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Chapter 9
BGP Scalability and Advanced Features
neighbor filter-list 1 out
neighbor remote-as 300
neighbor filter-list 11 in
neighbor filter-list 1 out
ip as-path access-list 1 permit ^200$
ip as-path access-list 10 permit ^100$
ip as-path access-list 11 permit ^300$
To implement filters, use the neighbor command. Using the AS path syn-
tax, you can configure filters to block routes that contain the AS path infor-
mation that does not match the regular expression. The output above shows
access list 1 allowing only routes that originate from AS 200 to be sent to the
respective neighbors. Access lists 10 and 11 above allow only routes that do
not originate within AS 100 and AS 300 to be sent.
Creating BGP Policies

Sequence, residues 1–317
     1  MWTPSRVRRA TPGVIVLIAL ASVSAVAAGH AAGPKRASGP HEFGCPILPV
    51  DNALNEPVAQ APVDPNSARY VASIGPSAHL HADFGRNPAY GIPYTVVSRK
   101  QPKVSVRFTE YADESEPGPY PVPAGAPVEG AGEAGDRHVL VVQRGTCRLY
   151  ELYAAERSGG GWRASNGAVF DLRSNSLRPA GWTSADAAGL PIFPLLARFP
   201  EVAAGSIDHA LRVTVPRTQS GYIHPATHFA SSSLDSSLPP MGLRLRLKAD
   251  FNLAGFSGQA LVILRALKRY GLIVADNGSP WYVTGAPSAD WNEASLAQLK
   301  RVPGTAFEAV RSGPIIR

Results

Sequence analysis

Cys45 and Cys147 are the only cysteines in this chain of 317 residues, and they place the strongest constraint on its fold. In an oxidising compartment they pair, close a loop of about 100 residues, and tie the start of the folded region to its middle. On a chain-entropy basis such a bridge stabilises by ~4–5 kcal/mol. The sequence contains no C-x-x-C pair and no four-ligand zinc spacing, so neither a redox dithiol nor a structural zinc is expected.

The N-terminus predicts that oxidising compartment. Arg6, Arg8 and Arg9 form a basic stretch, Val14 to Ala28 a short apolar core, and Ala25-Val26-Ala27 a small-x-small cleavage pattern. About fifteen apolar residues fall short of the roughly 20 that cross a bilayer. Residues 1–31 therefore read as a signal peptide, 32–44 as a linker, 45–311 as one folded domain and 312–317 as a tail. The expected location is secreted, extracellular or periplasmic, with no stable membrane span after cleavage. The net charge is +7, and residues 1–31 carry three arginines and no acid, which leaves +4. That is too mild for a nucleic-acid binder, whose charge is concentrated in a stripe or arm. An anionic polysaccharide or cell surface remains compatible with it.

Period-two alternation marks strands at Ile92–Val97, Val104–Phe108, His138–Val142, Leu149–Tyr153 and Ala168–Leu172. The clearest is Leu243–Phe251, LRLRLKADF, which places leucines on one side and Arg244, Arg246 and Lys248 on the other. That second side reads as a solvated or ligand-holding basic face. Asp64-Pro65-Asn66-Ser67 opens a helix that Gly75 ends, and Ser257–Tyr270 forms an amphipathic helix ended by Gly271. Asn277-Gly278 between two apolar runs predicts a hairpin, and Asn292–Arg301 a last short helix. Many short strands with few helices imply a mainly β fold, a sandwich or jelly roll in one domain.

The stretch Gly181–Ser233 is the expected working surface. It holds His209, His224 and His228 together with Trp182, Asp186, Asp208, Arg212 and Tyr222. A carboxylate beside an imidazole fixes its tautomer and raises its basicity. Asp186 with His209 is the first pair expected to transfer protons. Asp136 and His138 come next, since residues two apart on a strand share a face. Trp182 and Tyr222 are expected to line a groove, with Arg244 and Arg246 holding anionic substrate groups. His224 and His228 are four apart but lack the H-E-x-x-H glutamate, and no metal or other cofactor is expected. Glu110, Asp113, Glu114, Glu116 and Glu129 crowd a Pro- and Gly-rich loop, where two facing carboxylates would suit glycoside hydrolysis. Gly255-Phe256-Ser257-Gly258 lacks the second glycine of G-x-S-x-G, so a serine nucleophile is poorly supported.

e use policies with BGP to tell other BGP neighbors the paths
through our own network. By not advertising certain routes through our net-
work, we keep other networks from learning about them; it is difficult to
route a packet through a network you don't know about. We can modify
routes that we wish to advertise using both prefix lists and distribute lists.
Distribute lists use access lists to control the routes advertised by a routing
protocol. A prefix list is similar to an access list but is more flexible and less
complicated to configure than an access list.
Distribute Lists
Distribute lists are standard or extended access lists applied to a router's BGP
session to permit or deny advertised routes through the network. Distribute
lists can be applied to filter BGP advertisements either coming in or going out
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